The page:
Social Networking and Teens
Since they are not kids anymore, they more or less know which information of themselves should be made public. It is okay to talk about their hobbies, their favorite band or sport but not post their phone number or address since someone might call them up or visit them at home.
They should only add friends that they know in real life like their classmates, teachers and family members.
So no one outside their friends will be able to read anything that they posted, it is best that this is set to private. Doing so will prevent people who are not in the friend’s list from viewing their blogs or photos.
Before you post it, make sure that this is tasteful and not sexually provocative. You can make alterations using some programs to remove any identifying information.
They also should not post any plans like where they will be on the weekend to avoid meeting someone who could be a potential threat.
When they open an account, they should use a screen name and not their real name. It is also advisable not to mention their real age or gender as some sites require it.
The only way your teen can log into their account is to type in their username or email address and password. The password must never be shared to anyone even their friends.
Should they encounter any harassment or negative comments on their profile, it must be ignored and reported to the administrator.
The time may come that someone they meet online will want to meet them in person. It is probably okay to do so after knowing this person for some time and not after chatting with them only once.
When they do decide to meet, they should still exercise caution by telling someone where they are going and who they are meeting. They could even bring a friend along so they will feel safe. Should things go well without any incident, then there won’t be any problems. But should the uneventful take place, they should be report this to the police and to the administrator so the one responsible for this will be punished.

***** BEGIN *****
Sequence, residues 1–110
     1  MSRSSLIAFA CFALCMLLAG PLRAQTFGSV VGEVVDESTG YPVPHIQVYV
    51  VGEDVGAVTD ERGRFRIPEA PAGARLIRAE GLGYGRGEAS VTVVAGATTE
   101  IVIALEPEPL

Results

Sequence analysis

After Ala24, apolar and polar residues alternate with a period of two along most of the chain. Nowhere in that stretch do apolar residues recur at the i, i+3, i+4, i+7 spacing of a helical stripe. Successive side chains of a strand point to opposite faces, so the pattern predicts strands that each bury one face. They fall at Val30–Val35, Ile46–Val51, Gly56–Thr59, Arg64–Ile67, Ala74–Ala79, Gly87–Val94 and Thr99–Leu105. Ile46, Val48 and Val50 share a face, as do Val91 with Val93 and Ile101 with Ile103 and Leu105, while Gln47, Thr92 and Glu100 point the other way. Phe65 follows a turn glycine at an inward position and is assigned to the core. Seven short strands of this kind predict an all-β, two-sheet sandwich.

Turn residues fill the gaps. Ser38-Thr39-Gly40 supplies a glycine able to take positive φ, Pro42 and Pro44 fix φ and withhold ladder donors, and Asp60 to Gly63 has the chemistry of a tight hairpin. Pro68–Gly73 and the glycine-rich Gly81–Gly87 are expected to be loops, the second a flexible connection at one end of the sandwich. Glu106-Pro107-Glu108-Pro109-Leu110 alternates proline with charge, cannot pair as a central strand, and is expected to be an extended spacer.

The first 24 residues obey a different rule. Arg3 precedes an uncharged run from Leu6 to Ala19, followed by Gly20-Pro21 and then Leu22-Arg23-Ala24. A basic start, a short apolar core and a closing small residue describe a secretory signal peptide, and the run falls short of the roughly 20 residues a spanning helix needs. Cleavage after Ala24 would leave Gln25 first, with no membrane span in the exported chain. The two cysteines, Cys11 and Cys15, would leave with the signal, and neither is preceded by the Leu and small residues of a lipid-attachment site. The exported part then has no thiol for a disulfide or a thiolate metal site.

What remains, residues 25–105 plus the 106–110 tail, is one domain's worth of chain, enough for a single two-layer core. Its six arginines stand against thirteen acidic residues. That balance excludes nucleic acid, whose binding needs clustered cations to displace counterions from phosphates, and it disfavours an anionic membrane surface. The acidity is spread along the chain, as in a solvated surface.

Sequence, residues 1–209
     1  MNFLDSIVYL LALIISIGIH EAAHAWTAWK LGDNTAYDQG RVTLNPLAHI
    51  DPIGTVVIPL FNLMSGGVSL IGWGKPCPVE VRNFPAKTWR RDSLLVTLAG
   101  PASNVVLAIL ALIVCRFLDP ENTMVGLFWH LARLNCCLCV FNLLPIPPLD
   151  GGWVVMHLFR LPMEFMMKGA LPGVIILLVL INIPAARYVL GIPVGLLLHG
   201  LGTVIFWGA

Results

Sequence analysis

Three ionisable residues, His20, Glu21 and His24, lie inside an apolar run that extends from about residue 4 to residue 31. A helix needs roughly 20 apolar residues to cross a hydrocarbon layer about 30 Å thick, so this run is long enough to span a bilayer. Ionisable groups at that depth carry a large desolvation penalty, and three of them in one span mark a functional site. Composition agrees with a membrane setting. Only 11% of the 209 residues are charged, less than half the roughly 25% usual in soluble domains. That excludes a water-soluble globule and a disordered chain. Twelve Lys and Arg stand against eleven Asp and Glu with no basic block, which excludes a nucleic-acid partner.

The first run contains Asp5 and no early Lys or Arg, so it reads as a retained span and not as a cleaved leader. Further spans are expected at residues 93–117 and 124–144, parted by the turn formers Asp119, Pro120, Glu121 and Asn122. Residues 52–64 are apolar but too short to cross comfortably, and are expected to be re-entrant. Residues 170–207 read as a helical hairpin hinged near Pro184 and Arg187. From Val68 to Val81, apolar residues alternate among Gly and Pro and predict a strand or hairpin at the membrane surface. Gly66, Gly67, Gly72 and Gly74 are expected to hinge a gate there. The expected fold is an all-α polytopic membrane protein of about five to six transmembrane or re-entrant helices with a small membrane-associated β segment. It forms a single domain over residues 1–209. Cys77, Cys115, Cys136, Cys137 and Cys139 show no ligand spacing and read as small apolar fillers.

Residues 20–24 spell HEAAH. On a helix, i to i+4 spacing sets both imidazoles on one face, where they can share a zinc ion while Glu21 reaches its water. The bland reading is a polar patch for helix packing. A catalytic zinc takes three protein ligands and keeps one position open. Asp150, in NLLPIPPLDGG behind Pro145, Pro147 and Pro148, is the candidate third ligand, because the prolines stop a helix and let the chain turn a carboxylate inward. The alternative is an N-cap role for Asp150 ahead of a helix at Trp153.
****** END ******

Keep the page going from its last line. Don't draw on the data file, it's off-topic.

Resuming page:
While some teens may think that they are not given any privacy, parents who decide to put the computer in an open area like the kitchen or family room are actually doing them a favor. This will let the parents know what sites they visit, what content they have downloaded and monitor their surfing habits.
When the teen is logged into a social networking site or simply hanging out with friends, it is important that they just be themselves. This means not being bullied or pressured to do something they don’t want to do or be something they aren’t which can only be achieved of course by knowing their limits.
They should also stop chatting with someone who asks about their physical features or what is their attitude toward sex because the individual who is asking just wants to have sex which is a classic case of manipulation and not true friendship.
By your GoodBuddy Richard La Compte
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